In the video, a mottled Laysan albatross chick waddles slowly in a circle, clacking its beak angrily at the camera. Its scruffy brown wings hang limply at each side, occasionally fluttering and dragging in the soil while the young bird struggles to defend itself from the perceived threat. Around its gray, webbed feet, tiny white flecks dot the ground.
"Paint chips," pronounces University of California assistant researcher Myra Finkelstein, the woman behind the camera, now watching the video on her home PC. "Lead-based paint chips cover the ground in a lot of places. It's real easy for the young birds to ingest them."
Soon the chick will be dead. The debilitating neurological disease "droopwing" has already sickened its brain and left its wings paralyzed. If the disease itself doesn't kill it, infected wounds from broken wings or starvation once its parents migrate most certainly will. For Finkelstein, the bird's plight isn't an isolated incident but a familiar scene she's watched unfold thousands of times on the Pacific islands of Midway.
In a 2003 research paper, she showed that paint chips from an abandoned U.S. Navy base on one of the islands are directly responsible for an outbreak of droopwing. And now, her latest study, published in the science journal Animal Conservation, shows the disease causing a substantive drop in Laysan population worldwide, and has inspired the environmental group Center for Biological Diversity (CBD) to file a lawsuit against the U.S. Fish and Wildlife Service (USFWS) for not adequately protecting the threatened seabird.
"Myra's research showed that up to 10,000 chicks are dying on Midway every year," says Shaye Wolf, staff biologist with the CBD who said the group filed a notice of intent to sue the USFWS, the National Oceanic and Atmospheric Administration, and Hawaii's Department of Land and Natural Resources on Feb. 1. "That's not acceptable. We're filing suit to start an immediate cleanup of the contamination on Midway so that thousands more birds don't die from lead poisoning. USFWS has stood by, while there is an immediate solution to the problem: clean up the paint."
Located about 1,250 miles northwest of Honolulu and best known as the site of the decisive 1942 victory by the U.S. Navy over the Japanese, Midway Atoll has a total area of only 2.5 square miles, but is the breeding home of roughly 500,000 pairs of Laysan albatrosses, 71 percent of the worldwide population. The birds are known for their gregarious personalities, brilliant white and charcoal feathers, and dark "eye-shadow" markings. They were nearly hunted to extinction in the early 1900s but have made a near recovery and are now listed as "vulnerable to extinction" by the International Union for Conservation of Nature.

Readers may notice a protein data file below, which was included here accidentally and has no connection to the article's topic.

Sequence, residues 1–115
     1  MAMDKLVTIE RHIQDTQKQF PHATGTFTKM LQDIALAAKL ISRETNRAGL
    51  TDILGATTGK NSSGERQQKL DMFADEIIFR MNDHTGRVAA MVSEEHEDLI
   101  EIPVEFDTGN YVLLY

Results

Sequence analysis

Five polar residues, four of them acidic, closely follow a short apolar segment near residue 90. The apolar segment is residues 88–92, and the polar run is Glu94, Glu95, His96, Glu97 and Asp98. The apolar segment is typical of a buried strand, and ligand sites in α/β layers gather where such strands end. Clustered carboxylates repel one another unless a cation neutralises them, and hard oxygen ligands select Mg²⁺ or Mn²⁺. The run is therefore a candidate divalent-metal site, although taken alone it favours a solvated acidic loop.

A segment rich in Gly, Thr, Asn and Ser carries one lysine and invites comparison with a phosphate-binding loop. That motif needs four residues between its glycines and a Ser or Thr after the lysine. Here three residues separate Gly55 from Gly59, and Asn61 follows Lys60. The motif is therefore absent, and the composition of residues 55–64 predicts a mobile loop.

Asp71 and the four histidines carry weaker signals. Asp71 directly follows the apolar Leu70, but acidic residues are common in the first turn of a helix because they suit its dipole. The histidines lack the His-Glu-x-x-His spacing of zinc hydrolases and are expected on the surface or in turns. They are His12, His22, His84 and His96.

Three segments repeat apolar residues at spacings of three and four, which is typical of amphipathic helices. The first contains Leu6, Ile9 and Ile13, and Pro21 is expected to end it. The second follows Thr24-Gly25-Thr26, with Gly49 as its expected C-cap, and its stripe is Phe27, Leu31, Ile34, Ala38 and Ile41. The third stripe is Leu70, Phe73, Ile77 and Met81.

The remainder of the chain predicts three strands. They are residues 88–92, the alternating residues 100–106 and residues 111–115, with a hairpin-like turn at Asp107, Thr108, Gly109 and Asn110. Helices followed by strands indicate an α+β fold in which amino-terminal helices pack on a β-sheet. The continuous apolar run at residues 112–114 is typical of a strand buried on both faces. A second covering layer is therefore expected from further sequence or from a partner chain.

The Laysans join 18 other protected bird species on the islands, including the world's second largest breeding population of black-footed albatrosses, and add up to roughly 2 million nesting seabirds that make their home on Midway. The island itself, by way of the Naval Air Facility Midway base, was an important refueling stop for ships coming to and from Japan, but was largely abandoned after WW II and officially closed in 1993. With the closure of the base, the U.S. Navy turned control of Midway over to the U.S. Fish and Wildlife Service and the Midway Atoll National Wildlife Refuge, effectively passing the buck in terms of cleaning up the toxic mess left behind by the aging NAF buildings.
John Klavitter, the co-author of Finkelstein's latest paper, is also a deputy refuge manager with the USFWS and is stationed at Midway today. "We only receive so much funding to clean up the buildings. And it's very expensive work," Klavitter says. "The good news is that in 2004 [after Finkelstein's initial research], we started to receive funding to remove paint from the buildings. We haven't cleaned up the contaminated soil yet, though. Right now the eggs are just starting to hatch. As the chicks grow, they will start to pick up the lead paint and we'll start seeing the first signs of droopwing in April. They'll be dead by June or July."
Currently, 24 of the 95 lead-based-paint coated buildings on Sand Island have been stripped and cleaned and 10 more are slated for cleanup this year. The cleanup plan, however, does not extend beyond 2010. And Finkelstein says she hopes the CDB lawsuit will help change that.
"These birds need help now," she says. "It's a fixable problem, just not an easy one."